The WhatUK Thinks project has been tracking attitudes to our exit from the EU. It makes for interesting reading, showing in particular the divergence in Scotland on attitudes towards Brexit. And it explains Labour’s difficulties in getting cut through. The strategy of accepting Brexit (indeed NOT mentioning it) is yielding little in terms of making inroads into Tory votes.
So Johnson could be forgiven for having a spring in his step. No one, it seems, wants to talk Brexit, least of all the Labour Party. And that suits the government just fine, because let’s be honest, there are precious few successes to talk about. But what will we talk about once we’re all vaccinated? And how will the Tories sustain their lead?
The challenge to the red, and the blue wall
The challenge will come sometime in the early autumn, as the government grapples with post-pandemic recovery and levelling up, whilst battling to find new trade deals to replace the old ones we had through the EU. There will be no vaccine bounce, just a need to show what recovery looks like.
Retaining the 2019 new ‘blue wall’ seats is becoming of even greater significance to the Tories, as they bleed votes in Scotland. And this is where the double impact of Brexit and the pandemic is keenly felt. Think in particular of seats like Grimsby (fishing), Scunthorpe (steel and chemicals) and seats around Leeds (financial services).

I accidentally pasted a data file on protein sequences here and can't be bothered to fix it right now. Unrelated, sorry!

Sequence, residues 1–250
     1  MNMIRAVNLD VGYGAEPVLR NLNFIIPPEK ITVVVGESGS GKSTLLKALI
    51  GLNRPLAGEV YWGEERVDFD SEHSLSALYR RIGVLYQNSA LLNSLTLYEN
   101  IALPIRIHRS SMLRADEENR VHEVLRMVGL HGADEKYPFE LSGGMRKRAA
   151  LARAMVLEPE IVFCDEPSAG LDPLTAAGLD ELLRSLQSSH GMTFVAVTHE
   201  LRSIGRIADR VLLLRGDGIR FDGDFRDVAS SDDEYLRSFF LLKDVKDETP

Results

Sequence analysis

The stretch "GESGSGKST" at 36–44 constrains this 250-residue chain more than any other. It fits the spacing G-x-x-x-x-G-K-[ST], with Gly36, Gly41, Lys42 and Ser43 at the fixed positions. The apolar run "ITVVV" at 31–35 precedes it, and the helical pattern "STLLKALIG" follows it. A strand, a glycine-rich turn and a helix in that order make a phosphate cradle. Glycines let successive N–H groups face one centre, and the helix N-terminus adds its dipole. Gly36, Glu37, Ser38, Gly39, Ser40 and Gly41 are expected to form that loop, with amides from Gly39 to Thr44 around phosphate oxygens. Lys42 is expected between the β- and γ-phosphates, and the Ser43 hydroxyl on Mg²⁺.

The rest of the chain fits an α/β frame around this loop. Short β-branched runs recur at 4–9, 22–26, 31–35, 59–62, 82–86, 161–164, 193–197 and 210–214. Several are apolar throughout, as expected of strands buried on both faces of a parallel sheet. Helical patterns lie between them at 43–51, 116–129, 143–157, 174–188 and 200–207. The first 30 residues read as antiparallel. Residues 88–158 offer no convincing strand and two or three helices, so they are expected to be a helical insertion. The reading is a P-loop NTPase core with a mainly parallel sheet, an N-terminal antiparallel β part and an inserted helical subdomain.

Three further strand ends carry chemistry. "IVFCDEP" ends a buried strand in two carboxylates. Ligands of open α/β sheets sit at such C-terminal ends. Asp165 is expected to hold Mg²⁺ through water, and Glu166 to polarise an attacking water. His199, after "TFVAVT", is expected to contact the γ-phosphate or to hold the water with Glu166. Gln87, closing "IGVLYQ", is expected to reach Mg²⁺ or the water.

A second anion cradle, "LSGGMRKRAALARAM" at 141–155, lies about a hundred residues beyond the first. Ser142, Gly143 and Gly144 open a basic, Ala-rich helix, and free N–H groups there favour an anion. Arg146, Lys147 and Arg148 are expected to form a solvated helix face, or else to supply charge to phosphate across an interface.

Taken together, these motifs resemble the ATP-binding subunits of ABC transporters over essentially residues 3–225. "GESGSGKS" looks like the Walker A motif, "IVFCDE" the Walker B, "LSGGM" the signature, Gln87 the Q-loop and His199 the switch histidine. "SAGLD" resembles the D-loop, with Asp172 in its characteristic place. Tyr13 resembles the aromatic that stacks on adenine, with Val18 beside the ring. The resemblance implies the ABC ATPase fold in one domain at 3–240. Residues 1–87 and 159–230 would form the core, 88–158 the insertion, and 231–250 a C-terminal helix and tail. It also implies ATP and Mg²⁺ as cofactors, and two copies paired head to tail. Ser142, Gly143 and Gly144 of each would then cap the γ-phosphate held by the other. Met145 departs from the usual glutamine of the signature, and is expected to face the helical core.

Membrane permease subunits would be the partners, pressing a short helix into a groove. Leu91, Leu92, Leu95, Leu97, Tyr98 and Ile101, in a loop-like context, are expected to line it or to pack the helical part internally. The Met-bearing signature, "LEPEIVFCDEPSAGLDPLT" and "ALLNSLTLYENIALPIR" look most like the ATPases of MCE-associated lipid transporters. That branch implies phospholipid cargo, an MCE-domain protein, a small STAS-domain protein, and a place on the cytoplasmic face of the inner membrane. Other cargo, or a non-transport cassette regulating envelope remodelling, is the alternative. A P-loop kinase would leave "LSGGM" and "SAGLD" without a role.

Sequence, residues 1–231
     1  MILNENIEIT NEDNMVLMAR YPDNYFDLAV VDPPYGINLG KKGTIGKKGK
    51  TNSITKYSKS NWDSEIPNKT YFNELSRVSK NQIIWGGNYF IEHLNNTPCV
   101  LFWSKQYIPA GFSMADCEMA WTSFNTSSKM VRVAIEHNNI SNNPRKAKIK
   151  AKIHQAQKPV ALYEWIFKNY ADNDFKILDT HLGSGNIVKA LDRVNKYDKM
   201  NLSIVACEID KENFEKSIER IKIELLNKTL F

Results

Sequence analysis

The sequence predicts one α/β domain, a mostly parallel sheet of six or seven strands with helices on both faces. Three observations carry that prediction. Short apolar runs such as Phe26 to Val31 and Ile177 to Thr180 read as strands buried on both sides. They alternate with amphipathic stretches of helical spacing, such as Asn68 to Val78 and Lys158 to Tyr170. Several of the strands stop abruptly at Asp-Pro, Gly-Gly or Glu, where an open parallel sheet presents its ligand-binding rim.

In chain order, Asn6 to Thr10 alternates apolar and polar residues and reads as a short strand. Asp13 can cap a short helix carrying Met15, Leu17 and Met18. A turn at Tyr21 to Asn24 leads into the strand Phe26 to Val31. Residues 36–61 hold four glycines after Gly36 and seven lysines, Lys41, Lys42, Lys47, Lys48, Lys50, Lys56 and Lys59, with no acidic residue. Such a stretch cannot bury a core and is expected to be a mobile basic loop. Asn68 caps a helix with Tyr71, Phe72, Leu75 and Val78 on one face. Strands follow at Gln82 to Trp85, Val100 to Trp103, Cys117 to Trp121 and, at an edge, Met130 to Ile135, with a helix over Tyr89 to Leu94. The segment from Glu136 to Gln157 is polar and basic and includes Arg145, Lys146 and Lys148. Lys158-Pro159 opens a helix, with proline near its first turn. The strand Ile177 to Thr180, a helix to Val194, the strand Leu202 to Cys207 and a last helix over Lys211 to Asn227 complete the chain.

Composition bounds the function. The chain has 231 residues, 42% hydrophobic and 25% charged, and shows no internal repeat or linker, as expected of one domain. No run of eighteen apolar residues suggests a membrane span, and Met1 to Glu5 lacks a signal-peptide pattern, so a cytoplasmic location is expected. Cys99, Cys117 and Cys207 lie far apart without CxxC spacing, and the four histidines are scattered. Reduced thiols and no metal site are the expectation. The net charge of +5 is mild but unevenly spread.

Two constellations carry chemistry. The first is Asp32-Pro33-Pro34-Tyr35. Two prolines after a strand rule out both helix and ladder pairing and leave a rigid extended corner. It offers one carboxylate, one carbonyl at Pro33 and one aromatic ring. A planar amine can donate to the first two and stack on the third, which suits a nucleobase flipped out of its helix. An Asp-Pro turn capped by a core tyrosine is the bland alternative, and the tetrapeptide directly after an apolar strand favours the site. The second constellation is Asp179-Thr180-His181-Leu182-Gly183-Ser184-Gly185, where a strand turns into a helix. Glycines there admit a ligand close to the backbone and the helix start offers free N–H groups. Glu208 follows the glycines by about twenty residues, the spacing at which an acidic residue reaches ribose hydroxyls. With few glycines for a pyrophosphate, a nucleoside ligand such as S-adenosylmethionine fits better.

Unless Chancellor Sunak has access to a magic money forest, there will be no easy recovery for these former red wall communities. The more the pandemic continues, the more evidence that this is hitting the poorest communities hardest. And the Brexit dividend is proving elusive.
Broken Brexit promises, disappearing levelling-up substance
Brexit promises are quietly being swept under the carpet, because of problems with delivery. Where are the government ministers bigging up the sunlit uplands around immigration, fishing, better trade deals, or security and counter-terrorism? The only thing Johnson can resort to is sovereignty, but that’s such an emotive concept. And it raises the question of sovereignty for whom – not parliament, Scotland, Wales or Northern Ireland.
So just what will the bounce be after we’re all vaccinated?
It’s hard to see where recovery will come in the ‘red wall’ – and if we experience a resurgence of the virus, then the government really will have a problem. Levelling up funding so far isn’t always going to where the need is greatest, wages are stagnant, and some local authorities are in danger of going bankrupt. The divide between the haves and the have nots continues apace.
Strip away government policies and there’s no substance. For the time being, the pandemic is masking just how little attention the government’s paying to the real needs of the nation and ignoring what’s needed to keep the union together. And it’s masking the impact of Brexit big time.
But at some stage as we all get vaccinated and move on from the pandemic that mask will slip. And it will reveal that the Tory support is fragile, resolutely English, and up for grabs.